I’m sick of driving on bad roads and sitting in traffic that doesn’t move. I don’t need to cite studies to highlight the condition of Louisiana’s infrastructure. If you live here, you know.
Like so many other things that are important, the condition of our roads and highways and bridges ranks at the bottom of the “good list.” Forty-fourth according to some reports I’ve seen. Could it be true that six states have infrastructure that is in worse shape than Louisiana’s?
As I write this on Saturday morning, Louisiana has a backlog of needed maintenance of over $13 billion—highway repair and overlay and upgrading of our hundreds of structurally deficient bridges. In addition to the backlog, we have an additional $12 plus billion in new capacity demand. This includes important items like a new bridge over the Mississippi River south of Baton Rouge and a new bridge in Lake Charles.
Other than federal gas tax dollars that flow back down to us, the only funding for the Louisiana Department of Transportation and Development comes from our $0.20 per gallon state gas tax. The last time we increased it was thirty years ago in 1989.
No matter what side of the political divide you are on, here is the simple truth: We have failed to invest sufficiently in our infrastructure and we have fallen way behind.
We haven’t just fallen behind in what we need to have decent roads and highways. We have fallen behind in the level of infrastructure that is needed to continue to compete for investment with our neighboring states and to have the ability for our citizens to move around our state safely and efficiently. It impacts the quality of life for everyone who lives here.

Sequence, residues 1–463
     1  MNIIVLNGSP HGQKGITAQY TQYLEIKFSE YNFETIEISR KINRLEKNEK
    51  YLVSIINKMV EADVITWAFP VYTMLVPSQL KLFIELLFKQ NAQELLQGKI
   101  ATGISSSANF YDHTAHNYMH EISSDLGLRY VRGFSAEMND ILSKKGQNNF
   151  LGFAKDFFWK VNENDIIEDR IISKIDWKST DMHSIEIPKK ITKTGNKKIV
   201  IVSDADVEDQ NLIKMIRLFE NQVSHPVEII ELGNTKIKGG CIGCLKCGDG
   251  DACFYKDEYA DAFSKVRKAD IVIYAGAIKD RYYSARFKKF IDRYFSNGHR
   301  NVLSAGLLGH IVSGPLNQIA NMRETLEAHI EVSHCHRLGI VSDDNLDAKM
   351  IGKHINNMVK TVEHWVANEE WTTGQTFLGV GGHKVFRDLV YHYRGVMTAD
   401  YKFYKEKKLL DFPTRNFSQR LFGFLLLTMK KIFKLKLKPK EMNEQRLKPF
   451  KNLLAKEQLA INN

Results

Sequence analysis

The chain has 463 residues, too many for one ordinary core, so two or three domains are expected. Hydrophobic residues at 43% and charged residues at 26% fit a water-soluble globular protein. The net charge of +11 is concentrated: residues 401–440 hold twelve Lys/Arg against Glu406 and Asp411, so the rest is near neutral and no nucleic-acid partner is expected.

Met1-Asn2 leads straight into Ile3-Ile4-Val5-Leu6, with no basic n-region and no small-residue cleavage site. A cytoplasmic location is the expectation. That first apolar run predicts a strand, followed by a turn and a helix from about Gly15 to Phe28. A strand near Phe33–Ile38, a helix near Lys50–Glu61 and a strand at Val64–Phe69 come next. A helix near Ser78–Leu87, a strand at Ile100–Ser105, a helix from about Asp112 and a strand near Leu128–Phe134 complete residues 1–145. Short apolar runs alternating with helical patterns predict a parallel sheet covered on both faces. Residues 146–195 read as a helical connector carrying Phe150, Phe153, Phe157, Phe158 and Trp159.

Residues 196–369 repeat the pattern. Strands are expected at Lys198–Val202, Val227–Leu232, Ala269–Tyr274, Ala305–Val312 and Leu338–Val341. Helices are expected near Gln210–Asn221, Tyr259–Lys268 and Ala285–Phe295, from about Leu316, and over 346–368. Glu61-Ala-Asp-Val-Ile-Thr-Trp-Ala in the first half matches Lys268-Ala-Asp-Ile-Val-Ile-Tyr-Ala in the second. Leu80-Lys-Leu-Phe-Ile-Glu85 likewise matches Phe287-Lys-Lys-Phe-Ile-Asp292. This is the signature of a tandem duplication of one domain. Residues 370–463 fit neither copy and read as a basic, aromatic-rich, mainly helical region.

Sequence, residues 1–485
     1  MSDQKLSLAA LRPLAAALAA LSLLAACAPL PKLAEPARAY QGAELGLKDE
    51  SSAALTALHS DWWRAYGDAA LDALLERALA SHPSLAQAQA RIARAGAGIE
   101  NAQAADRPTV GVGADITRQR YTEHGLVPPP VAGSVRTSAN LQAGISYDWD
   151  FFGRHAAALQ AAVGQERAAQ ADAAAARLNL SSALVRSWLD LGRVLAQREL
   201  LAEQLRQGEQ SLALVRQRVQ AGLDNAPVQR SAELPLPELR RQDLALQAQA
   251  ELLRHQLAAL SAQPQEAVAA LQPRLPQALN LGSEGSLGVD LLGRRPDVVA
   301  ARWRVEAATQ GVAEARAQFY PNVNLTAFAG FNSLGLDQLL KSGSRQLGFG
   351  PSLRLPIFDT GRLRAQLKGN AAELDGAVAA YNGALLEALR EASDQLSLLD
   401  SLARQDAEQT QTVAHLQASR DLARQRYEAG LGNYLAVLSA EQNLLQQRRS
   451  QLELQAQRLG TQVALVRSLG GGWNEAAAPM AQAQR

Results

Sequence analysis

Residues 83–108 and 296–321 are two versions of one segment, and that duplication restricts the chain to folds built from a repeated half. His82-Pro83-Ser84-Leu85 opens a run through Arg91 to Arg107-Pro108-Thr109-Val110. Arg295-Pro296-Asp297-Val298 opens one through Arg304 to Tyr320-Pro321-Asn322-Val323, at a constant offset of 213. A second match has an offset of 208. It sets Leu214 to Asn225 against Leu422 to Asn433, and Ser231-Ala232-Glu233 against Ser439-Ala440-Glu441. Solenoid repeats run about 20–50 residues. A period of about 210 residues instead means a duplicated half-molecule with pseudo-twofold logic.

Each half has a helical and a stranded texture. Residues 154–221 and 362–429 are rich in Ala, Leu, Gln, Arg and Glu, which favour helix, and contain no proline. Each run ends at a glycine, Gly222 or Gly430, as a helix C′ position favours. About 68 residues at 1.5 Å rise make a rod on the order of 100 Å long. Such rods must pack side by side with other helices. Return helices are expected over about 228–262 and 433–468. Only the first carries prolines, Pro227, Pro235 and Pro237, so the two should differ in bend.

If you don’t think this issue is negatively impacting business, talk to the folks at Dow’s Louisiana Operations in Plaquemine or to the plants along Louisiana Highway 30 in Iberville and Ascension Parishes. I had a conversation with an industry leader who told me that a recent major investment that considered both Texas and Louisiana went to Texas primarily due to the poor quality of the highway that led to the potential site in Louisiana and the “world class” quality of the infrastructure around the Texas site.
When will “world class” be the expectation in Louisiana? Why shouldn’t it be? When will we demand more?
Legislative attempts in 2017 to increase our state gas tax failed. Rep. Steve Carter of Baton Rouge has filed a bill in the current legislative session to increase the tax. If we fail to act in this session, it will be 2021 before we have an opportunity to address the funding problem again. The more we delay the more severe our problem becomes and the more it costs to fix it.
There are those who say that we should not increase taxes in our state for any reason. I generally agree with a fiscally conservative philosophy but I also don’t believe that we can starve our priorities. We must be willing to fully invest in our priorities so that we can demand excellence from them. Whether through cuts to other programs or through raising the gas tax, the time to increase infrastructure investment is now.
I am a 30-season ticket holder for LSU Football. The cost of season tickets and the associated Tradition Fund has skyrocketed over that period. We season ticket holders realize clearly that it is part of the cost of having a nationally competitive program. We pay for and demand excellence from LSU Football. Could we demand that excellence if we funded the program at the same level that we did in 1989?